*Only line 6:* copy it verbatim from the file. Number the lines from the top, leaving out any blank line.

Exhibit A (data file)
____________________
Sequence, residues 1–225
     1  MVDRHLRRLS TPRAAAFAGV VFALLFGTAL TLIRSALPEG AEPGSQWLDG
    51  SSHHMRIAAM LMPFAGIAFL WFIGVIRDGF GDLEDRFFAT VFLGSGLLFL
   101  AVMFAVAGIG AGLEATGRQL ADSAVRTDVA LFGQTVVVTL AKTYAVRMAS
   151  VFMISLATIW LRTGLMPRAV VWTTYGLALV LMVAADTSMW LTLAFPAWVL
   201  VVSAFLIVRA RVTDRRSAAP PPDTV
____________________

   201  VVSAFLIVRA RVTDRRSAAP PPDTV